Sing Out

One more movie review–or perhaps “commentary” would be a better word–to round out the year. No, not Rogue One. It’s on my list, and was even before the news about Carrie Fisher broke, but I haven’t seen it yet.

Back when I was in library school, one of the big debates was “Should libraries carry the books people want to read or the books they should read?” I’d be willing to bet it’s still a hot topic in library schools, even though the answer became obvious several decades ago: “Yes”.

Sing is the cinematic incarnation of the books at the heart of that debate. Think The Hardy Boys, Nancy Drew, The Baby-Sitters Club, or Goosebumps.

Don’t get me wrong. I’m not saying it’s a bad movie. It sets out to appeal to a very specific audience, and by and large, it succeeds. The thing is, that audience is kids. The plot is formulaic, yes, but how many versions of it will the average ten-year-old have seen already?

The characters are anthropomorphic animals, not as commentary on the human condition, but because kids like cute animals. There are plot holes you could throw an elephant through (sorry), but the kids aren’t paying attention to that: the plot is just an excuse to stage the set-scenes they expect. And so the sudden switch from a furry America’s Got Talent to a furry interpretation of the Judy Garland/Mickey Rooney “Let’s put on a show” trope passes unremarked by the target audience.

It is possible to make a movie catering to the pre-teen audience that also appeals to adults–see my comments on The BFG, for an example–but that’s not the direction Sing chose. And it works beautifully for the target audience. We saw Sing in a theater full of kids, mostly between eight and twelve, and they had a grand time, laughing in the right places, and applauding at the end.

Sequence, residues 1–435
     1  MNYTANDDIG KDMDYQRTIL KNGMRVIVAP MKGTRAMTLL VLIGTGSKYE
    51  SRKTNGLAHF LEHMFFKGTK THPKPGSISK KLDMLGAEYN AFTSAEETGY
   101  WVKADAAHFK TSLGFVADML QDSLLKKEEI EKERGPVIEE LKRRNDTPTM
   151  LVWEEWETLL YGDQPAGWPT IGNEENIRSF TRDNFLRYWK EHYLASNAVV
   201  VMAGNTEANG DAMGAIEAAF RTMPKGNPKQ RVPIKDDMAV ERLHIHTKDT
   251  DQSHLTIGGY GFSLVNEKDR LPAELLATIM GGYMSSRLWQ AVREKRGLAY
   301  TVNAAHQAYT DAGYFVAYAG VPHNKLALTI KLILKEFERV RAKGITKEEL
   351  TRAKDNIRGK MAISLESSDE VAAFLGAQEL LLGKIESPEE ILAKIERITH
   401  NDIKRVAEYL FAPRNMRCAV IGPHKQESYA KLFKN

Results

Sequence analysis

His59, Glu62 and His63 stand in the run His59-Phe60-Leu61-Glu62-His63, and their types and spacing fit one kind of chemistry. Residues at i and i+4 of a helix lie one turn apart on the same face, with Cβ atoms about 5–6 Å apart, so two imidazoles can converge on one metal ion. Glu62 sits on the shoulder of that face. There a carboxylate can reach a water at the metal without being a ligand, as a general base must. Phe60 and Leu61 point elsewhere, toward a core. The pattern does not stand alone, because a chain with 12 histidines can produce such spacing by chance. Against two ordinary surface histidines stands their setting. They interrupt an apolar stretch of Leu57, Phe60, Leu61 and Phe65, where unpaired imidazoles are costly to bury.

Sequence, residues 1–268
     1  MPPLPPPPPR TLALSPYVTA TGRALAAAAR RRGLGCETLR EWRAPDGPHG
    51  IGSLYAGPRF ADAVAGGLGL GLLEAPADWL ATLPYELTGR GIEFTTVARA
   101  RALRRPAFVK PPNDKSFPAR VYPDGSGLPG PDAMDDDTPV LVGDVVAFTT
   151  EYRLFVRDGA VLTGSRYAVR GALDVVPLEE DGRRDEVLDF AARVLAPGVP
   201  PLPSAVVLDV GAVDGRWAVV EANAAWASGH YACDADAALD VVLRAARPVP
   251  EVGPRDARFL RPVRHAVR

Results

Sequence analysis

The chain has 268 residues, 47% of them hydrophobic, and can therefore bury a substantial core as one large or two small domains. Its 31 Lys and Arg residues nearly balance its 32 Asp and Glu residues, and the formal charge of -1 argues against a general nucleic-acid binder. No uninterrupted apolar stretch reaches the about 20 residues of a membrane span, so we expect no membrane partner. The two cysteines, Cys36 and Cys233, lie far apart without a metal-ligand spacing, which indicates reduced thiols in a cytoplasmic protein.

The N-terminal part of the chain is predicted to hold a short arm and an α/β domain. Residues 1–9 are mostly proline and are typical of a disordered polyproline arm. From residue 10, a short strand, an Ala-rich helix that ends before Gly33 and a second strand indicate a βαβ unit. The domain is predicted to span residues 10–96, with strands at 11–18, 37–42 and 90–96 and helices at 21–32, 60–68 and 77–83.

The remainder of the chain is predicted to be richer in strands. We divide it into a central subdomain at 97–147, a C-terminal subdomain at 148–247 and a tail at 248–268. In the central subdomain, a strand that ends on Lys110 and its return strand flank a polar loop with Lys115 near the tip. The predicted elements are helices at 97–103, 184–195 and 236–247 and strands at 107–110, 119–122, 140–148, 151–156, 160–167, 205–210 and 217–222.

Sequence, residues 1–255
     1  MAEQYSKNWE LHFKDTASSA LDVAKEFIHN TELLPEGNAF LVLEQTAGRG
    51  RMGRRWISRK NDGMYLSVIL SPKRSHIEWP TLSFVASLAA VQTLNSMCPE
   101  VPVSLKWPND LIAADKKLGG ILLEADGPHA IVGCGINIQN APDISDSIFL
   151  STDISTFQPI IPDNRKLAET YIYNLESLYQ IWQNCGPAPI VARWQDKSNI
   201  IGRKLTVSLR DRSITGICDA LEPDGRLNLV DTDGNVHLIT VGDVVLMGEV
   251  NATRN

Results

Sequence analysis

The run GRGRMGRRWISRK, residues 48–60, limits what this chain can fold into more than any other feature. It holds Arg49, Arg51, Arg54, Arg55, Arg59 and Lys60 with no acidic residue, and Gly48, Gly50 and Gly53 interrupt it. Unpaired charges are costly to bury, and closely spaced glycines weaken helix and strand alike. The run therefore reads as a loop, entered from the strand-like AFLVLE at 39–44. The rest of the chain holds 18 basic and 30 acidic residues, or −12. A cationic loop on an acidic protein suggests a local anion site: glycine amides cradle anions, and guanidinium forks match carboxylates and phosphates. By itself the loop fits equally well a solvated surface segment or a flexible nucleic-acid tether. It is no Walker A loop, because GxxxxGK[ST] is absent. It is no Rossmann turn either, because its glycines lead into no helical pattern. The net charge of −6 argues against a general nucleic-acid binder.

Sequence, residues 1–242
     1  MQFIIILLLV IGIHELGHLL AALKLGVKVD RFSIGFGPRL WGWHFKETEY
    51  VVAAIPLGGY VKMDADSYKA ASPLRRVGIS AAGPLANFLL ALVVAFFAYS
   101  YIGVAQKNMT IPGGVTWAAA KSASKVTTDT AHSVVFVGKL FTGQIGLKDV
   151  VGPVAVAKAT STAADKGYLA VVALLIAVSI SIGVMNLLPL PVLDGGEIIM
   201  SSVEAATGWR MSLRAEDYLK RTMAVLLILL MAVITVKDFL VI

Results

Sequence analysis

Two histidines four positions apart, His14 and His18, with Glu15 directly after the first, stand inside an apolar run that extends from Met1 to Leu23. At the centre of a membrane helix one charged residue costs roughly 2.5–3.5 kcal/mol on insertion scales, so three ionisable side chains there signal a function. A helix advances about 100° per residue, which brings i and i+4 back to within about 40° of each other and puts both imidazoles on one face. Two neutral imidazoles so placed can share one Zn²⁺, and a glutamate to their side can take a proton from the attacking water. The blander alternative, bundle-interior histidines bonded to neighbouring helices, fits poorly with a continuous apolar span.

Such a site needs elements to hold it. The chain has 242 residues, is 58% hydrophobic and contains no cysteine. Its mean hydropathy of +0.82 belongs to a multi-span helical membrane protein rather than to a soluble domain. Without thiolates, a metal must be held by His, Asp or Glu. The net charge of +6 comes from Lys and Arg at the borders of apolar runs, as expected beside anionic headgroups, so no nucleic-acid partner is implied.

And the creators did use a commendable amount of restraint. There is a flatulence joke–but only one. There are body image jokes, but far fewer than I expected, and mostly in the mouths of characters who are supposed to be obnoxious. There’s a running joke about the characters who don’t speak English*, but the joke isn’t run into the ground. (Parenthetically, if someone with more knowledge of Japanese than I have wants to translate the insult Buster Moon reads out of his phrase book, I’d appreciate it.)

* The red panda idol group’s songs are by Kyary Pamyu Pamyu, but the color-coded outfits reminded me more of Momoiro Clover Z.

Bottom line: if you’ve got kids in the target age group who want to see Sing, you won’t need tranquilizers to get through it. Crank your suspension of disbelief up to eleven, turn off your facility for critical thinking, and go. It won’t do you or the kids any permanent damage.